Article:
AUBURN – Patrick Smyth, a senior in mechanical engineering in Auburn University’s Samuel Ginn College of Engineering, has been awarded a National Science Foundation Graduate Research Fellowship. The fellowship provides three years of support at $30,000 annually and an additional $10,500 cost of education allowance. The purpose of this fellowship program is to help ensure the vitality and diversity of the scientific and engineering workforce in the United States.
“I am honored to receive an NSF Graduate Fellowship, and think it is a reflection of the quality of the education that I received at Auburn and the many opportunities that I was offered here,” Smyth said. “I am looking forward to using the fellowship to build on the undergraduate foundation I started at Auburn.”
Smyth is a member of the University Honors College with a 4.0 grade point average. His undergraduate research is a joint venture between the Department of Mechanical Engineering and the College of Veterinary Medicine. As a competitive undergraduate research fellow, Smyth works in Robert Jackson’s Multiscale Tribology Laboratory as he seeks to characterize and compare the surface roughness profiles of cartilage located within various joints of the equine limb.
The ultimate goal of his research will lead to a better understanding of the mechanisms controlling the performance of healthy joints in horses and humans. His research holds promise for millions of people suffering from debilitative joint loss.
“Patrick’s intellect and perseverance have already launched the project to heights beyond that attained in typical graduate level research projects, and the findings will be presented at conferences and published,” said Jackson. “He has already left a lasting legacy at Auburn University by helping to build this multidisciplinary bridge between engineering and the sciences based on bio-tribology research.”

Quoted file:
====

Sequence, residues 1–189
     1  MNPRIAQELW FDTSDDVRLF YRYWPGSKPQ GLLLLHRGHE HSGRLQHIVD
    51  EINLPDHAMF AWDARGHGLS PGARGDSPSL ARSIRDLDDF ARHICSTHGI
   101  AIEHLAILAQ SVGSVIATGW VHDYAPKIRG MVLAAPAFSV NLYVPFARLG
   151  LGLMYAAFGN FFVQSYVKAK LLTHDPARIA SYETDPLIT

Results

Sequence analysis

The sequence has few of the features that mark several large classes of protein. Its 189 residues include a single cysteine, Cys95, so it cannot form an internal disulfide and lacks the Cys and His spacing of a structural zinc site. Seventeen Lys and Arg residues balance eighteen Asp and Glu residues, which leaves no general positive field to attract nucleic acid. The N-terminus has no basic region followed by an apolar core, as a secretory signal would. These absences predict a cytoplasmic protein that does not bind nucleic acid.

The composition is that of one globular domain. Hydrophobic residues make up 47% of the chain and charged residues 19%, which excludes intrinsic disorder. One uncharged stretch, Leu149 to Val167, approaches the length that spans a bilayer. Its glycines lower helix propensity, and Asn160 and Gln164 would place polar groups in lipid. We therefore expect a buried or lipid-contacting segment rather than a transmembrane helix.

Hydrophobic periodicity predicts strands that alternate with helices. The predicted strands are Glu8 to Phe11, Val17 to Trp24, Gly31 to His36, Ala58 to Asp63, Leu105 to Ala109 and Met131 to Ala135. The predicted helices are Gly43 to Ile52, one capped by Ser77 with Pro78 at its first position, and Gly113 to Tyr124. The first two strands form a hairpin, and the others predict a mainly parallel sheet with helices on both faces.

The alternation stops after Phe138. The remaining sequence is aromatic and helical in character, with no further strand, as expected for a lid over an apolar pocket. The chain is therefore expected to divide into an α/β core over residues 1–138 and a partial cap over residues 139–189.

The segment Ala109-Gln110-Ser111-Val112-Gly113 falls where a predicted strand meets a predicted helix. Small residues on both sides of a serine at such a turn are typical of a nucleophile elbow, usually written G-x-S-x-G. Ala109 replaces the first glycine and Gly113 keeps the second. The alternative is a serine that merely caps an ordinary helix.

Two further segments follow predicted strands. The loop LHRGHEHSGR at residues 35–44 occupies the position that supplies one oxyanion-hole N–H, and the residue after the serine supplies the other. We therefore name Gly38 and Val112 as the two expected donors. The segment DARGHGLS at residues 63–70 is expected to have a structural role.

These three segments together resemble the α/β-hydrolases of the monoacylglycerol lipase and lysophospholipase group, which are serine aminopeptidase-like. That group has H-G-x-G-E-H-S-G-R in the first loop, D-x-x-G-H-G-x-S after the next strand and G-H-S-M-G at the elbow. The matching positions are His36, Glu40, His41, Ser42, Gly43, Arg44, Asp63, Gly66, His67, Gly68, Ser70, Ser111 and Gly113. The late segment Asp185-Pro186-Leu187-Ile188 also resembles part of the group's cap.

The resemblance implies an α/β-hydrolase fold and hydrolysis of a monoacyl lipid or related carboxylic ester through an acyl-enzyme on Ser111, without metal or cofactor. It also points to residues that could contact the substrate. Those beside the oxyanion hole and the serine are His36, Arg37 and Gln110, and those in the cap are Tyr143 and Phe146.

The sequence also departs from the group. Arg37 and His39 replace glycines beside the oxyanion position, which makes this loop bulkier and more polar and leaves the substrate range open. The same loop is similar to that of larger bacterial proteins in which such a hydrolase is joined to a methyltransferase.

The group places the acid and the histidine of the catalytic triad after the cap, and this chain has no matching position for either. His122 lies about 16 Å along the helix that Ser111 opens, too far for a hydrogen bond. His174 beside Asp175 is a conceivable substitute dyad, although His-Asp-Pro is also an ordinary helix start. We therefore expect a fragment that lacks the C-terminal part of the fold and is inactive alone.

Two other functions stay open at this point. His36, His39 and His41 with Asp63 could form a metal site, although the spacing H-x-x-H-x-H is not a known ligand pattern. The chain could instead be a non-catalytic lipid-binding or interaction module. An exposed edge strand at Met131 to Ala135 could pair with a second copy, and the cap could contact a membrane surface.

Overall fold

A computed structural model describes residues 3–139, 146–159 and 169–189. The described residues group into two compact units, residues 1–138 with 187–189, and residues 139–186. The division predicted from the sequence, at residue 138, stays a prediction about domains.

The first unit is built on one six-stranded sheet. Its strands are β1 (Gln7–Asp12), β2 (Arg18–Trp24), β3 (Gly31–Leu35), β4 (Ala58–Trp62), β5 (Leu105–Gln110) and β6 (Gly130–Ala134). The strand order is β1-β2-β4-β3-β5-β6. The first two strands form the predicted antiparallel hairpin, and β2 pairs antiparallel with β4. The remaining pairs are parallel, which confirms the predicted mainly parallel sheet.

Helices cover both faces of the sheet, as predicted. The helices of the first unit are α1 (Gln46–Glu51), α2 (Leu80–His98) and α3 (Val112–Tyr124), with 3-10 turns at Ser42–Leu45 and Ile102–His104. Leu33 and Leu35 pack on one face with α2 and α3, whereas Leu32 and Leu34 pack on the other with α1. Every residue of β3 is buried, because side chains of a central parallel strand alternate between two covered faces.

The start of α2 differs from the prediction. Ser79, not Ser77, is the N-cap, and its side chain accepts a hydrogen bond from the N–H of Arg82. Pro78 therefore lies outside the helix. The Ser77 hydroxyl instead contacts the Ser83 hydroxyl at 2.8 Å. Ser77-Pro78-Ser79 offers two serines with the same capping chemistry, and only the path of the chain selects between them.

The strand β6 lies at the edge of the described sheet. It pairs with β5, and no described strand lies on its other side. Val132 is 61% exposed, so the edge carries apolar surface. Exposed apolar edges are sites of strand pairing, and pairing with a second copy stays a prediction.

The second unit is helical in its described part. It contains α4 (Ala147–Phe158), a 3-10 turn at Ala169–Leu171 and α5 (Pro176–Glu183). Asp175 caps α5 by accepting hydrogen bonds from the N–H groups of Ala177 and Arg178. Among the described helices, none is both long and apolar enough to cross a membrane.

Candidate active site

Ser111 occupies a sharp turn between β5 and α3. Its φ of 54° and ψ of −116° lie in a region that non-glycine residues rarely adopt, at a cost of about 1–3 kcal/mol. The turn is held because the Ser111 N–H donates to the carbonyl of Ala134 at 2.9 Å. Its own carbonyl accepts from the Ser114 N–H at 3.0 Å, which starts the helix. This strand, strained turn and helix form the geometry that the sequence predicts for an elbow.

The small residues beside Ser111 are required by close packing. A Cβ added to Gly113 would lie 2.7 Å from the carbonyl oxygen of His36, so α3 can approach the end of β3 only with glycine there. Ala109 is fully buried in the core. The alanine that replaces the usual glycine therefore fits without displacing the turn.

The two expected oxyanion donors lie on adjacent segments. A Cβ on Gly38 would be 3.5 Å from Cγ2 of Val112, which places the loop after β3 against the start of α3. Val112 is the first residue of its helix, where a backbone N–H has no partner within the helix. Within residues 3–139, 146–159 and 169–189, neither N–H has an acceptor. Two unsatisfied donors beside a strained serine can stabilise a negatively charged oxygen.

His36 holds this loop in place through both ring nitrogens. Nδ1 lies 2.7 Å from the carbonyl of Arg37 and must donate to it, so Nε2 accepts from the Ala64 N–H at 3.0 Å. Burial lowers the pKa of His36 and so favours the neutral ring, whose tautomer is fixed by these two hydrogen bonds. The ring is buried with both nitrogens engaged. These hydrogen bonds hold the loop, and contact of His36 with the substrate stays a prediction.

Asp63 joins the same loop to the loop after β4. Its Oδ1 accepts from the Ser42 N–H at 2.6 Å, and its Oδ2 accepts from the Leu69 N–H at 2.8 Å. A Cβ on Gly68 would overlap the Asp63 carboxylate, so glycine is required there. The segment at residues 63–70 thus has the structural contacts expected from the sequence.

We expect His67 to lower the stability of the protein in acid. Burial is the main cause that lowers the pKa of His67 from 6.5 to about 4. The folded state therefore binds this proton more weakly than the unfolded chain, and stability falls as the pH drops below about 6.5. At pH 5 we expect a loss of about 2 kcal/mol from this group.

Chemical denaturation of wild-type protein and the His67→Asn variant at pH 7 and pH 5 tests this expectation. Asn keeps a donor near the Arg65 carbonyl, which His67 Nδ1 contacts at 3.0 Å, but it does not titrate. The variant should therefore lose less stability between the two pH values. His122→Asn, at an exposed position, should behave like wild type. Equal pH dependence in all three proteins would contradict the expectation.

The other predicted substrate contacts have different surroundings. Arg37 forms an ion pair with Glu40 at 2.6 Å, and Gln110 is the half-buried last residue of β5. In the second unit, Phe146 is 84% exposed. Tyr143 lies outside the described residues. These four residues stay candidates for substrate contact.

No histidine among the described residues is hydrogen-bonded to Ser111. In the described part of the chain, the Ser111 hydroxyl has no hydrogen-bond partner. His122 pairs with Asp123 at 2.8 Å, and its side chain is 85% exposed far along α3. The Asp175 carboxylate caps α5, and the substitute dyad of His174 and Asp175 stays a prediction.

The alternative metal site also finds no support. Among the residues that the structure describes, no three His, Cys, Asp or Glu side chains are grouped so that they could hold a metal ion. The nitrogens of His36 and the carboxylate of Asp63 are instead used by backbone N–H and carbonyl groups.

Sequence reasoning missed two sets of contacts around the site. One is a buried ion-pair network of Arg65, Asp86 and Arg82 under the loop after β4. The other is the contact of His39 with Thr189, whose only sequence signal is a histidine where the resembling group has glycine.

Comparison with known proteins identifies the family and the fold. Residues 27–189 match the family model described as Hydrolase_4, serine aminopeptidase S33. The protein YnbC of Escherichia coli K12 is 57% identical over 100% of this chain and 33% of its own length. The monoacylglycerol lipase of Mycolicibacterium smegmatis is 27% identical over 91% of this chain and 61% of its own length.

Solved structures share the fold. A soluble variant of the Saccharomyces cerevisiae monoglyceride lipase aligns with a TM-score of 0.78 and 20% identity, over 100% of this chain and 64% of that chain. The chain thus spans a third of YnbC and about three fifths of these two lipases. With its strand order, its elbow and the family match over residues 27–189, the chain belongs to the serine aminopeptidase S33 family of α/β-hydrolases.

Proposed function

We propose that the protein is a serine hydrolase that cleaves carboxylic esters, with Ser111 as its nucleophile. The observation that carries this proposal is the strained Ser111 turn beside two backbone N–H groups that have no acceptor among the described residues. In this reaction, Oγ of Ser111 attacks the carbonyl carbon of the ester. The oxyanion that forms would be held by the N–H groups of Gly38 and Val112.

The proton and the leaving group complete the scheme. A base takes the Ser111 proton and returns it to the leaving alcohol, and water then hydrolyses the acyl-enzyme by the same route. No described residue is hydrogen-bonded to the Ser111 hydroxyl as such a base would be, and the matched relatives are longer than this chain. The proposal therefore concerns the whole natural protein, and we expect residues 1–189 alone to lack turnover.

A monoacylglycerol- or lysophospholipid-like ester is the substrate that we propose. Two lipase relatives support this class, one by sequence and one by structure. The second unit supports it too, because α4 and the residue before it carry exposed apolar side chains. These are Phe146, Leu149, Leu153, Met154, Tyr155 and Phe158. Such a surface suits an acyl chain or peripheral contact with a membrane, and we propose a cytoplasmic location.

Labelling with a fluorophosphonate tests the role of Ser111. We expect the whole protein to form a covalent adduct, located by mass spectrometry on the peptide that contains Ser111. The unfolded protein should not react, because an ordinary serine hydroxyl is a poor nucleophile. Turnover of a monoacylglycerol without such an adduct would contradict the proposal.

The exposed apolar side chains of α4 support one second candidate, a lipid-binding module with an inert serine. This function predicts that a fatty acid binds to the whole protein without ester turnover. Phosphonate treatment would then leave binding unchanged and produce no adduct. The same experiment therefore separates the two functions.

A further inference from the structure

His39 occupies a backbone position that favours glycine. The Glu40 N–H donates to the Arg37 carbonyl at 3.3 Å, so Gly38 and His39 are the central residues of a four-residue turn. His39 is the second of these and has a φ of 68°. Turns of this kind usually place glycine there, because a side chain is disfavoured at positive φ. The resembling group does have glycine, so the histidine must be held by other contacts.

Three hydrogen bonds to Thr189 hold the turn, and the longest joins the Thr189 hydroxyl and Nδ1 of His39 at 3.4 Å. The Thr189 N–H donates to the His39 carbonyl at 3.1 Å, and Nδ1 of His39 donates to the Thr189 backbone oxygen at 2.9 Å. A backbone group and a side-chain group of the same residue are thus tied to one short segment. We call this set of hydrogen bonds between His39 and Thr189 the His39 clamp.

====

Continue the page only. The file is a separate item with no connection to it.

Outside the classroom and lab, Smyth serves as the Honors College representative to the Committee of 19, a student organization leading the war on hunger both on Auburn’s campus and on a global level.
Smyth will graduate in May and plans to study mechanical engineering with an emphasis in tribology at Georgia Tech in the fall.
“It was a pleasure assisting Patrick on his NSF application,” said Paul Harris, associate director of the Honors College. “His ability to perform at the highest level in a very demanding major; his skill in pairing the principles of mechanical engineering and veterinary science; his commitment to improving the conditions of those who suffer from hunger and malnutrition as the Honors College representative to the Committee of 19; and his humble and unassuming nature embody the belief statements found in the Auburn Creed.”
(Written by Margaret Ann Killam.)